A conceptual design for the turf playfield, created by Hellas Construction, which has an office in Mountlake Terrace.

A turf surface would accommodate many sports including youth baseball and softball, plus soccer, flag football, rugby, lacrosse, field hockey and ultimate Frisbee, he said. The only turf surface currently available in Mountlake Terrace is at the high school, and “time on that field is near impossible to get,” Witte added.

The Evergreen Playfield upgrade would cost an estimated $1.5 million and would include $750,000 in grant funding from the state Recreation and Conservation Office, $250,000 in contributions from local users (this includes the Edmonds School District and local youth sports organizations), a $225,000 US Soccer Foundation grant and $175,000 in park impact fees collected in the city.

The proposal also includes replacing 12 wood-pole lights with four LED lights that would illuminate the entire field, with no light spillage into nearby neighborhoods, Betz added.

Councilmember Kyoko Matsumoto Wright asked what type of turf is planned for the field, and the response was artificial turf with a tire crumb rubber infill. “Are we going to get a lot of protesters?” Wright asked, alluding to recent controversies in the cities of Edmonds and Lynnwood when the Edmonds School District included artificial turf for playfield projects.

Betz responded that studies conducted so far have shown “there wasn’t a lot of health risk that happens from crumb rubber.” A major study is being conducted in the State of California, with results expected in June, he said. “When we do go out for bids, we have the option there of a different kind of surface, whether that’s some kind of organic infill material, but there is a cost associated with that,” Betz said. “We’ve been quoted anywhere from $100,000 to $200,000 to $300,000 extra for that material.”

Replied Wright: “I really want to see this happen. But I also don’t want to see the community go after us. it’s always a fine balancing act. I’m going to support it, but I’m just holding my breath.”

Betz and Witte noted that the Evergreen Playfields project so far has received almost two dozen letters of support from the community.

The council is scheduled to adopt resolutions authorizing the grant applications during its Monday, April 16 business meeting. The deadline for state grant applications is May 1, and the city is accepting letters of support for the projects between now and that time to be included in the grant applications. Staff will make technical presentations in Olympia at the end of May, followed by final presentations in August. The list of projects receiving grant awards will be announced Sept. 1. Even if the city receives project grant awards, those projects must be approved by the state Legislature in 2019. The grants would actually be awarded in June 2019.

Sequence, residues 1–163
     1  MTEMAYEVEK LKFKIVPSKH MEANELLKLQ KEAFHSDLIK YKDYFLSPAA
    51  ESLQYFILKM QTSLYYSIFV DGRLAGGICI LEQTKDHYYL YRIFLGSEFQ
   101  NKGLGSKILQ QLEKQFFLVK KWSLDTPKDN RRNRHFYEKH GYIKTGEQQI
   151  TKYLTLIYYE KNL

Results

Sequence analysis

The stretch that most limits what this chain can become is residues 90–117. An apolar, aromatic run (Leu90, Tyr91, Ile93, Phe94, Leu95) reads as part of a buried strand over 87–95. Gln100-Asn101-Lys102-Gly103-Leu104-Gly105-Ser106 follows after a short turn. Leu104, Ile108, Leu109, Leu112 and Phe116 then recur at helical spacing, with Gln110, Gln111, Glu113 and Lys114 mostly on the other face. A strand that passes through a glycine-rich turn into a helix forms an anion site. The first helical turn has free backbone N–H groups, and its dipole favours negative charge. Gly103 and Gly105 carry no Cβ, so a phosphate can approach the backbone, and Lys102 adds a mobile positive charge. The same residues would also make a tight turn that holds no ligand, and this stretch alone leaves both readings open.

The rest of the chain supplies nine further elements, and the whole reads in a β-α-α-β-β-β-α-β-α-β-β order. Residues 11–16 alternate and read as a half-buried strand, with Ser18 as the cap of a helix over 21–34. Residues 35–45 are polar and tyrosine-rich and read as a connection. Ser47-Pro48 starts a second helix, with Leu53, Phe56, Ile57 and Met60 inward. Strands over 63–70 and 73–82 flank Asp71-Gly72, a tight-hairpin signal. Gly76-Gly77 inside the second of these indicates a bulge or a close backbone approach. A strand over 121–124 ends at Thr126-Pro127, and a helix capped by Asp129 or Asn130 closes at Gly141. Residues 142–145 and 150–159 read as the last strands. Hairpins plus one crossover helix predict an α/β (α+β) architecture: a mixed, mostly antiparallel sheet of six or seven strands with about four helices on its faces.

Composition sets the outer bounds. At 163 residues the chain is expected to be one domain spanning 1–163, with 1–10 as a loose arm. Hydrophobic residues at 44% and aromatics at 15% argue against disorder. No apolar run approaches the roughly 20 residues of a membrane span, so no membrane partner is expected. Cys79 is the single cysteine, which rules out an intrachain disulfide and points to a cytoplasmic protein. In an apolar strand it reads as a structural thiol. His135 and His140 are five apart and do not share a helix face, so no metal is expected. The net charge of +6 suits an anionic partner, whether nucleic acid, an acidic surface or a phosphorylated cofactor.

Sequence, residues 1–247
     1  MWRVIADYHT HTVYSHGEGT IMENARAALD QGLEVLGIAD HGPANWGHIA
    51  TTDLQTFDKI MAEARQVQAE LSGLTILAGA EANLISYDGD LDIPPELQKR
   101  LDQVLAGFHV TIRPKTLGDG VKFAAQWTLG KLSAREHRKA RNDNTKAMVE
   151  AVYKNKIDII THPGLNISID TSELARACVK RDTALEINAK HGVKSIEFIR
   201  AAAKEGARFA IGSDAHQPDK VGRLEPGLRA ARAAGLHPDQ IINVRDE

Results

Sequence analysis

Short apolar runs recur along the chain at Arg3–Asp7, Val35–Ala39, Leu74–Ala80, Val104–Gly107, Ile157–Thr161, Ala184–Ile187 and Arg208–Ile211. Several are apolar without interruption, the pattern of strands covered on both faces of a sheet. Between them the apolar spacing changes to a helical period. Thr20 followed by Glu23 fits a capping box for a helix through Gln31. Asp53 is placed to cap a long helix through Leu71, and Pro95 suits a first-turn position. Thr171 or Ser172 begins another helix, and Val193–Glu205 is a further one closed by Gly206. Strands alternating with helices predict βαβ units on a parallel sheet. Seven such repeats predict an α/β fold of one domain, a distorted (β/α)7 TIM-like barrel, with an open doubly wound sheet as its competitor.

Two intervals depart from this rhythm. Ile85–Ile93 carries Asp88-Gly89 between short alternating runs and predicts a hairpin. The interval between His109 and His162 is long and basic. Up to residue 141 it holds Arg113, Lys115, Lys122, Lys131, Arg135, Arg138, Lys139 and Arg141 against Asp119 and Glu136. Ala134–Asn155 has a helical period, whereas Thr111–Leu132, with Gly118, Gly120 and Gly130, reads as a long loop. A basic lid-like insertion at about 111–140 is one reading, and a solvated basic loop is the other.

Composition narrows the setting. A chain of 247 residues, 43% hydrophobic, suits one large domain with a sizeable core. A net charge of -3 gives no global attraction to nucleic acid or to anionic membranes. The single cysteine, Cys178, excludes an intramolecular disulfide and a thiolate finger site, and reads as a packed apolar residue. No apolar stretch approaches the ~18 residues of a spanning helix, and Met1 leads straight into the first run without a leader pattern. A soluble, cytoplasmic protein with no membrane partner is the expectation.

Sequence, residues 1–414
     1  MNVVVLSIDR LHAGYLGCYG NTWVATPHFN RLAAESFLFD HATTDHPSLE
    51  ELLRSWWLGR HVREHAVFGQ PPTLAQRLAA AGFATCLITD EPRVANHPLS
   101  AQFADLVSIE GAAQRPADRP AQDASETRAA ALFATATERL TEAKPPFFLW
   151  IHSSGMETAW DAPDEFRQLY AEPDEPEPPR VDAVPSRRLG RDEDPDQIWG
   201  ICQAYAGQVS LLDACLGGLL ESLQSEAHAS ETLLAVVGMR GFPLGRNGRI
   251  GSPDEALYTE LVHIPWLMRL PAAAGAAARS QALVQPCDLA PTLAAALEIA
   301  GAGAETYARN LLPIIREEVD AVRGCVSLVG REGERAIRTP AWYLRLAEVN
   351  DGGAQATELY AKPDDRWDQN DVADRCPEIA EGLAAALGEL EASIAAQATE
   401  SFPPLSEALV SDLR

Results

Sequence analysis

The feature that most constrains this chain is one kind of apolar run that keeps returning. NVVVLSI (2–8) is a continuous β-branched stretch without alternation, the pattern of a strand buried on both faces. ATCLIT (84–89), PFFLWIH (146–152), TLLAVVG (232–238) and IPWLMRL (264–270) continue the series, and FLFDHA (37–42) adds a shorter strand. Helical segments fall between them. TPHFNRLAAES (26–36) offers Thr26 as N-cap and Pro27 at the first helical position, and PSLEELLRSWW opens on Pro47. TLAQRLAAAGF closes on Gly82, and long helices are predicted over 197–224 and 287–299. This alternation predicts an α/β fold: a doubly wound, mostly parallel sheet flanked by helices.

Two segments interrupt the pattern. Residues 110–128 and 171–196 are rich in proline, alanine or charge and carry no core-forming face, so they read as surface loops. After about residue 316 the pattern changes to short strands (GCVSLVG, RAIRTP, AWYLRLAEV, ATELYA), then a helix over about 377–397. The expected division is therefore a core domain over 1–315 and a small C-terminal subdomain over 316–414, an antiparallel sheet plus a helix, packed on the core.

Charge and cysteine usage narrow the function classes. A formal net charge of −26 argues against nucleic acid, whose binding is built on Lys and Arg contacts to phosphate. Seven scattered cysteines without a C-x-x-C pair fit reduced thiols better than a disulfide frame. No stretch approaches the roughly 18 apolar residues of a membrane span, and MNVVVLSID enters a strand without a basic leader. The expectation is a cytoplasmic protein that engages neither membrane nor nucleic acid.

The council also heard the following reports April 12 that will be on the agenda for approval during its April 16 business meeting:

– A proposal to issue bonds slightly earlier than planned for the new Civic Center campus project, with the goal of saving money on interest. The move is being considered because it’s predicted that interest rates could rise during the coming months.

-A supplemental agreement with contractor KPG for the Main Street design contract. The contract amount, for $29,977.57, will be reimbursed by Sound Transit. It covers design costs for Main Street project elements requested by Sound Transit associated with frontage improvements for a temporary parking lot at 59th Place West, which are part of the light rail project.

-A staff recommendation to renew the city’s lease with the Mountlake Terrace Seniors Group for the Mickey Corso Community Clubhouse at Ballinger Park. Senior Center Executive Director Marlene Maier April 12 reported on her efforts to make the senior center more visible in the community, and to expand its offerings, which now include clogging and crafts classes, a book club, yoga and tai chi. The local South Korean women’s association group will be using the center twice a month for meetings and a fly flshing group formerly located in Edmonds is also moving to the center, she said.

The senior center is also working to upgrade its facilities, she said, and has received a grant to install laminate flooring and also plans to purchase new furniture.

The lease renewal set for Monday’s council agenda is at the same terms as the former five-year lease — a charge of $1,500 a month. The senior center can also get rent credit for capital improvements it makes to the facility. The city retains the right to use the clubhouse’s Lakeview Room for public meetings, open houses, special events or classes at no cost.

Two other items of note on the April 16 agenda: a records management report and a 2018 state legislative update.

Monday night’s meeting will be in interim Mountlake Terrace City Hall, 6100 219th St. S.W., 2nd floor. You can see the complete agenda here.

— By Teresa Wippel